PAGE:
Ben Rice of the New York Yankees follows through on...

Ben Rice of the New York Yankees follows through on his first-inning home run against the Boston Red Sox at Yankee Stadium on Saturday. Credit: Jim McIsaac

To say the stumbling Yankees needed a savior Saturday may sound like hyperbole here in early July. But it wasn’t far off, not after a nightmarish three weeks, especially the previous night’s humiliation by the Red Sox, who no doubt have enjoyed their ancient rival’s recent demise.

The Yankees got their hero, and he came with the added bonus of being as New England as clam chowder, the perfect Boston foil to stick in the face of the gloating Sox. Rookie first baseman Ben Rice’s historic three-homer, seven-RBI performance powered the Yankees’ 14-4 rout before an ecstatic crowd of 45,504 at Yankee Stadium.

Rice not only was raised in Cohasset, Massachusetts — a tony South Shore town on the way to Cape Cod — but went to high school nine miles from Fenway Park, attended Dartmouth and even did a stint playing for the Worcester Bravehearts of the Futures League, a summer collegiate team.

We bring up that Worcester stop because it’s the only other time Rice could remember hitting three homers in the same game — a Ruthian feat no Yankees rookie had ever managed in the 122-season existence of the franchise. That obviously covers plenty of Hall of Famers, MVPs, All-Stars and World Series champs.

But when it comes to this one specific category, thanks to three mammoth swings during this breathtaking July afternoon in the Bronx, Rice stands alone.

Rescuing the Yankees against their most hated rival, which just so happens to be from Rice’s backyard. You can’t make this stuff up.

“Not really a lot of words,” said Rice, who’s been wearing pinstripes for a total of 19 days since his call-up from Triple-A Scranton. “Definitely a day I’ll never forget. And pumped that it was a big-time win for us, a good bounce-back win, and over my hometown team, so it’s pretty cool.”

It’s crucial to note, however, that Rice was a double-agent growing up. Despite the geographical Red Sox roots, he was a Yankees fan who idolized Derek Jeter from the jump and even used a Sharpie to scribble “Yankees Rule!” on Fenway Park’s Pesky Pole as a youngster. Little did Rice know that one day he’d be high-fiving Aaron Judge in the on-deck circle, smiling ear-to-ear and trotting back after a trio of homers on baseball’s “grandest stage,” as Gerrit Cole described it Saturday.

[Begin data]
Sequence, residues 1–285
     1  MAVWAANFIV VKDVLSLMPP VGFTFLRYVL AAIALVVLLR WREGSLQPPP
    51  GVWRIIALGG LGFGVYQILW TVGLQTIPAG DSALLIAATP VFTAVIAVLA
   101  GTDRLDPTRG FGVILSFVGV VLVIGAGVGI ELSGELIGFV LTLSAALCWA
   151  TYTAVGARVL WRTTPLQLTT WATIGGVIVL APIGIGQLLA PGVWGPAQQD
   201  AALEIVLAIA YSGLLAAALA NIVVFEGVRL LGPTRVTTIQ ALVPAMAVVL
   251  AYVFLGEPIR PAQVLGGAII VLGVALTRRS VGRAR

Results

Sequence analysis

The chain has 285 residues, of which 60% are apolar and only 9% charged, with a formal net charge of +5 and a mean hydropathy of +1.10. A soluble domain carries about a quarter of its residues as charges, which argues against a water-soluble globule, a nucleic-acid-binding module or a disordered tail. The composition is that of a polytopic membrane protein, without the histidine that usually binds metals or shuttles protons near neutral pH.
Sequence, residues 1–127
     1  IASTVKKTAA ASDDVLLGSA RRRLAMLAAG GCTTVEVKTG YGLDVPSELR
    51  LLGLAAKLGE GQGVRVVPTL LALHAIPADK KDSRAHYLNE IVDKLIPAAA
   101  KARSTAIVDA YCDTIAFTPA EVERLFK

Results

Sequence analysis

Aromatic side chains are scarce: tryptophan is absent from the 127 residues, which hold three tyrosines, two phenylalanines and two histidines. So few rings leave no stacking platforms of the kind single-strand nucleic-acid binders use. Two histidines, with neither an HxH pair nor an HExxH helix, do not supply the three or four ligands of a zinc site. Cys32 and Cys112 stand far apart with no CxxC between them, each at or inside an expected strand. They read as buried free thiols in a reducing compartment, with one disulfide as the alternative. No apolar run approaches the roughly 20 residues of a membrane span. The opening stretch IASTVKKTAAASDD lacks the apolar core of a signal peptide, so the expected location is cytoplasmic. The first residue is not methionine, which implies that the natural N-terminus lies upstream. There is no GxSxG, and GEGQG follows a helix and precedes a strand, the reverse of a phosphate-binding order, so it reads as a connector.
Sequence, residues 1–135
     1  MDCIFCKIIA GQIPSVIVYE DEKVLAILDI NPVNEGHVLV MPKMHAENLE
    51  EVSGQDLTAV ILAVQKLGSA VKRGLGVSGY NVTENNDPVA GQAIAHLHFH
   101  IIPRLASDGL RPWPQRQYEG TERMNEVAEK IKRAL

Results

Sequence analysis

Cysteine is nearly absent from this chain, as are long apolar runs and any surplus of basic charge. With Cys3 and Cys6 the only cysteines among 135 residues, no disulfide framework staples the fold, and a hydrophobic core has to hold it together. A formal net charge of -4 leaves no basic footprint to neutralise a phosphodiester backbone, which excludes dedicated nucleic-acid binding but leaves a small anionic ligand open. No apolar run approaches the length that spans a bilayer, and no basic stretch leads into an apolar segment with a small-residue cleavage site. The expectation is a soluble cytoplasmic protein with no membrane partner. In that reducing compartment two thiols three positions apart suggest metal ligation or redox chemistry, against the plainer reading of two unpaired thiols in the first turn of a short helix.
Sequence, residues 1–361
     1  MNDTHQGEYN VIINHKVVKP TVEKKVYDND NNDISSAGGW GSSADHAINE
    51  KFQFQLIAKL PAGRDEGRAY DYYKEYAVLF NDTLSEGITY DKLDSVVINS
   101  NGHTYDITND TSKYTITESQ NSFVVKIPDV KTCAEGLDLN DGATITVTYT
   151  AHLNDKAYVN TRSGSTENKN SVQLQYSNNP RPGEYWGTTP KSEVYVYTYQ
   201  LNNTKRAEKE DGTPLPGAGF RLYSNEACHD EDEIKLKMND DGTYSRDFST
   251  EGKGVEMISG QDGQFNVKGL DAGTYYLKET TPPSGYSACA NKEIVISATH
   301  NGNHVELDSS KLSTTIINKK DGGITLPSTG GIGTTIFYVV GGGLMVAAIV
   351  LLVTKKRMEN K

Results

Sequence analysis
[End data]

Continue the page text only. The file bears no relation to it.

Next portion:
The Yankees turned to Rice last month when Anthony Rizzo went on the injured list with a fractured forearm, and based on what everyone witnessed Saturday, it’s hard not to think about the Wally Pipp comparisons.

Rice had raked at every level in the minors, but the promotion still was a bit of risk, as his defense at first base was very much a work in progress. He primarily was a catcher.

As Rice’s plate maturity has become evident, however, there’s been little talk about his glove. The Yankees, desperate for a spark, even moved him into the leadoff spot Thursday to take over for the slumping Anthony Volpe. We wouldn’t expect him to be anywhere else anytime soon, that’s for sure.

Saturday’s seven RBIs matched Lou Gehrig’s record (July 23, 1925) for the most by a Yankees rookie in a single game.

“You see the calm at-bats he takes,” manager Aaron Boone said. “He understands the strike zone. He doesn’t flinch at much. You kind of see the pull-side power that he has, too. I just think he combines controlling the strike zone with some barrel awareness and the ability to get the ball in the air.”

That’s putting it mildly. Rice hit 1,202 feet of home runs Saturday, with his leadoff shot in the first inning the shortest of the bunch (390). He followed that up with twin 406-foot blasts, a three-run shot that capped a seven-run fifth and a three-run rocket that put an exclamation point on a four-run  seventh.

Rice bats lefthanded, but he doesn’t need any help from the short porch. The kid doesn’t hit cheapies. The first one landed in the second deck, and he already has put a pair of drives into the Judge’s Chambers, including one earlier this week for his first career homer.

“Wow,” said Cole, who then put Rice’s performance in perspective. “It’s a historical day, a magical day. To be honest, I’m pretty thankful that I get to be on the lineup card because I know he’ll remember it forever.”

Recently, the Yankees had been playing too much forgettable baseball. But Rice’s muscle seems capable of lifting them out of this current hole, or at least it was for this particular (sort of) must-win. His power clearly is legit, and the only hole in his game at the moment seems to involve prepping for a curtain call.

When Rice returned to the dugout after his third homer, he looked too bewildered to hear the crowd clamoring for him. It took three tries for his teammates to direct Rice to the correct stairway, and when he finally climbed those steps, the fans roared as the grinning Rice tipped his helmet.

“Honestly, it was all happening so fast, I think I was still coming off the high of hitting the home run,” Rice said. “Everyone was yelling at me to do something and I didn’t even know what they were talking about . . .  Thankfully I got it in. That was pretty cool.”

Or wicked awesome, as they might say back in Cohasset. Although Rice isn’t making many friends in Boston these days.

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